Friday, February 22, 2013

I Hope Some Day This Post Will Seem Quaint and Foreign

I work almost exclusively from home now, which means I interact with far fewer people than in the past. The more I learn about people, I’m good with that.

Two gay friends of ours celebrated their first wedding anniversary the other day. The Beloved Spouse made a card for them; I delivered it. (I wouldn’t want anyone to think my contribution went no farther than a signature.) Last night I received a thank-you note, in which the money quote was:

We've both lost friends over their insistence that they "have no problem with us choosing to be gay" but they cannot recognize our relationship as a marriage.

I have no problem with such people choosing to be assholes, but I cannot recognize them as fully functional human beings.

In have several gay friends. (That I know of.) In all but one case, we were friends before I knew they were gay. Learning their sexual preference did not alter any of the things that made us friends. They had the same personalities, the same tastes, the same senses of humor, and enjoyed the same sports, music, television and movies. Nothing about them changed. Discovering they were gay was, to me, not unlike becoming aware they liked a style of music that did not interest me, or were addicted to Top Chef, or engaged in a sport in which I have no interest. (Yeah, I know…)

To allow same sex couples to have the same options as heterosexuals when it comes to marriage seems to be self-evident in the Preamble to the Constitution many homophobes claim to hold so dear. They are just as entitled to pursue happiness as any of us. As for the Biblical issues, I’m tired of God-fearing “Christians” only reading as far as Malachi. Even I am tolerant enough to understand there are those whose religious beliefs cannot accept homosexual behavior. Fine. If your church doesn’t want to perform or accept same-sex marriages, don’t. Christians are generally advised to follow St. Augustine’s admonition to “love the sinner but hate the sin.” Make an effort. (Do not take the liberty to consider this to be an anti-religious rant. It’s just that many homophobes like to dress their prejudices in religious robes in an effort to give them a veneer of respectability.)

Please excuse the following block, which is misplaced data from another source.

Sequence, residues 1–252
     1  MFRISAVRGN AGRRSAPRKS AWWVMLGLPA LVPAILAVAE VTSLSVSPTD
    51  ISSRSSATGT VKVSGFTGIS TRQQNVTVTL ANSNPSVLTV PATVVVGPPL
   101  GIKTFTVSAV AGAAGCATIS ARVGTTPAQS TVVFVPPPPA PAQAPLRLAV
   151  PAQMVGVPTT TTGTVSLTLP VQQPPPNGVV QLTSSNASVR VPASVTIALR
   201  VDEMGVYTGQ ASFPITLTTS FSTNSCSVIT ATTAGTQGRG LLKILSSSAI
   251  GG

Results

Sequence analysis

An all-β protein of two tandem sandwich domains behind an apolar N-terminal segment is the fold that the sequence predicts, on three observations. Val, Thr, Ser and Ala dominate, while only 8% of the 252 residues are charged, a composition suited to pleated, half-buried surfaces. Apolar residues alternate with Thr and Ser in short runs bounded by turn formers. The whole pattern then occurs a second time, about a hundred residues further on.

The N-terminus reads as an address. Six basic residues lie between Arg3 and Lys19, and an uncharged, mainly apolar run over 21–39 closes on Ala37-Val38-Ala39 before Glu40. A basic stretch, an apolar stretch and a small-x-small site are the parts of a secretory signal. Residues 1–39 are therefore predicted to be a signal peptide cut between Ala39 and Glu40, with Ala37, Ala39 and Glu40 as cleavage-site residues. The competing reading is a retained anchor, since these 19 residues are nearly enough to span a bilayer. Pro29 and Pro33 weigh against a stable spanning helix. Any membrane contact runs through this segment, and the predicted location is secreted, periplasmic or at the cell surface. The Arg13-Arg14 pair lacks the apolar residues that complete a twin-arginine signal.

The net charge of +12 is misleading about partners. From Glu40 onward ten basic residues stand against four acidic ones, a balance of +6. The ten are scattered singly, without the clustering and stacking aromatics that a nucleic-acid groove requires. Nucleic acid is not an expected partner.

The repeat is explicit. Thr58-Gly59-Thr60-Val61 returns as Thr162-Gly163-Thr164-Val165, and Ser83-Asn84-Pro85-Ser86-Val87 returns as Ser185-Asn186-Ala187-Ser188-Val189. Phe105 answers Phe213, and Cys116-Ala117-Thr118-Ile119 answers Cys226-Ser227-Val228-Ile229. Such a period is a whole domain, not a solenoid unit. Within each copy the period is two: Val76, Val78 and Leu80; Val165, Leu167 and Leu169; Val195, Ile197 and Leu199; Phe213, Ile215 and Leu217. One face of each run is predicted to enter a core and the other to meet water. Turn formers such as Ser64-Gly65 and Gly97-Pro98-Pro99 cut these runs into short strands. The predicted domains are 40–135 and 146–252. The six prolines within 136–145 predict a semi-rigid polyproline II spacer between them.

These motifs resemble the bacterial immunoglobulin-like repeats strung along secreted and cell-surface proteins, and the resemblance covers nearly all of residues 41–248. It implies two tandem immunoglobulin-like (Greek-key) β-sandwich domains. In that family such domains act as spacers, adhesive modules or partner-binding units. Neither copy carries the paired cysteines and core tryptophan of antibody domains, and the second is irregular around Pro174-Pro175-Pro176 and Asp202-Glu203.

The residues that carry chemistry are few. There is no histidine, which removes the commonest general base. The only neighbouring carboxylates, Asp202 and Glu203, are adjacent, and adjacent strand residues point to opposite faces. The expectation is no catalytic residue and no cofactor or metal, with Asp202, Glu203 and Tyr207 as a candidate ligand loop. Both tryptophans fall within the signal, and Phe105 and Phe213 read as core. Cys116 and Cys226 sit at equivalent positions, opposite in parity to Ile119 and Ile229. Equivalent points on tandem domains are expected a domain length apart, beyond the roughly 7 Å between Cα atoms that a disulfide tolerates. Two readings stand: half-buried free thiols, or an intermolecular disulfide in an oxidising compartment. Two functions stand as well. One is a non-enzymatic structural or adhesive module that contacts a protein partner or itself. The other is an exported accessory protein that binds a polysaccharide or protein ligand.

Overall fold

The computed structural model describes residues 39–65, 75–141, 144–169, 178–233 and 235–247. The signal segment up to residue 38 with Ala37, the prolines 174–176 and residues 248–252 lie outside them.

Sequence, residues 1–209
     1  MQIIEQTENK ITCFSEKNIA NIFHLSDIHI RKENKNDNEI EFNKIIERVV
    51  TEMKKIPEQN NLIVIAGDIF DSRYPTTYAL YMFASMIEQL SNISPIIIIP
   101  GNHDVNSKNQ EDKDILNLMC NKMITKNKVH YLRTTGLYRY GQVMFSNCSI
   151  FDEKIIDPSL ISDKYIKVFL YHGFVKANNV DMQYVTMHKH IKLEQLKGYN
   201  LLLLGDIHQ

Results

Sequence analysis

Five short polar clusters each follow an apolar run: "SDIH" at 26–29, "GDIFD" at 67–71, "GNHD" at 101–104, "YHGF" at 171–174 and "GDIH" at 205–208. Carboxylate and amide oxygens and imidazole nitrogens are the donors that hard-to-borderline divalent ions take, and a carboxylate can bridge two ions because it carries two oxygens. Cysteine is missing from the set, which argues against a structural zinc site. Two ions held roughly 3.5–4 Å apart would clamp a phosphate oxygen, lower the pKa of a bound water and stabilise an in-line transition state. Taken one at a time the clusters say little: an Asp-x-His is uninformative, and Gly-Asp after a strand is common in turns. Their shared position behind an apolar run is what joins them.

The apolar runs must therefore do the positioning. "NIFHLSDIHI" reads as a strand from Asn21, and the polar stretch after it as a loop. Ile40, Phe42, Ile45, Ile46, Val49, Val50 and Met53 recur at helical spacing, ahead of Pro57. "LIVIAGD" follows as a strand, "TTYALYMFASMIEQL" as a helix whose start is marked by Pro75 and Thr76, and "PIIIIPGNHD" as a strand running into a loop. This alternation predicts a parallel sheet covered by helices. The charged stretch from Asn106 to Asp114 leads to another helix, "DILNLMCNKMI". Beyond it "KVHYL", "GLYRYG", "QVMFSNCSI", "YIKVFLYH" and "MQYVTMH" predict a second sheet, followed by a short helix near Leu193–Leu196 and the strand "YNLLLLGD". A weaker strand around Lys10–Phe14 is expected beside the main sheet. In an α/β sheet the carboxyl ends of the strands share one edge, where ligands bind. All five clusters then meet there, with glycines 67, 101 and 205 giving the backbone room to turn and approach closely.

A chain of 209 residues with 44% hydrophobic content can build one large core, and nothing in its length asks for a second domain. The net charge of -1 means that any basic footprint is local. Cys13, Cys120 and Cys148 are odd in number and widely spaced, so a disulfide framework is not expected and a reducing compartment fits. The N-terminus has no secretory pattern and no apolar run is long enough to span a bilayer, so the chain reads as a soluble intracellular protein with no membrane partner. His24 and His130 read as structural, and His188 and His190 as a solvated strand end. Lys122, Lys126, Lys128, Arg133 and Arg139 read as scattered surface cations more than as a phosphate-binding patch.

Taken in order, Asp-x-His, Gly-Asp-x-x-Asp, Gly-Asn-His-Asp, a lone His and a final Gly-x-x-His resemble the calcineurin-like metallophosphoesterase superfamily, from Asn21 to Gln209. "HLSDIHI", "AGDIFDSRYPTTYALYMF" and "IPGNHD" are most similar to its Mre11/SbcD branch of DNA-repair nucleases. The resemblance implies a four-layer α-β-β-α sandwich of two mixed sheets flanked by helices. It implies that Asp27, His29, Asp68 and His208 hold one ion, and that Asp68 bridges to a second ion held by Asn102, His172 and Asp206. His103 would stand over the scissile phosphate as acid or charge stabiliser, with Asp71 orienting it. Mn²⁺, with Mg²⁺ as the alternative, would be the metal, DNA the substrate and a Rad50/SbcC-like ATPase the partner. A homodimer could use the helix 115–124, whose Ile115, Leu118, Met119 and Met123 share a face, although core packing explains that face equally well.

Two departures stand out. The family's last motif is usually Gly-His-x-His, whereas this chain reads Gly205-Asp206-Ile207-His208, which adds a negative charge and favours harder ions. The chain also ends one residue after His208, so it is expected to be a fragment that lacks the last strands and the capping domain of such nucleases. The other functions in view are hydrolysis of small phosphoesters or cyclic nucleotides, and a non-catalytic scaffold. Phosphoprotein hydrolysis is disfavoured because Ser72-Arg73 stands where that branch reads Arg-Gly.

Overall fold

Here’s an insight for homophobes: gays are just like you are. (Which is probably what scares them.) I’ve shared locker rooms with friends I knew to be gay; I’m sure I’ve done so with others I didn’t know about. Not one has ever made an advance toward me. I know of no gay person who would attempt to recruit someone—even if we grant the possibility that sexual preference is a choice—not because they’re ashamed of being gay, but because they’re painfully aware of the bullshit that must be endured.

Gays are parents, teachers, cops, athletes, soldiers, accountants, comedians, assholes, philanthropists, humble, arrogant, smart, stupid, loyal, faithless, religious, atheists, Buddhists, violent, passive, alcoholics, teetotalers, activists, and sloths. Just like everyone else. This is a line that need not be drawn, but, if you insist, you might enjoy Mississippi, which only last week got around to admitting slavery is a bad thing. You’ll fit right in on the wrong side of history.


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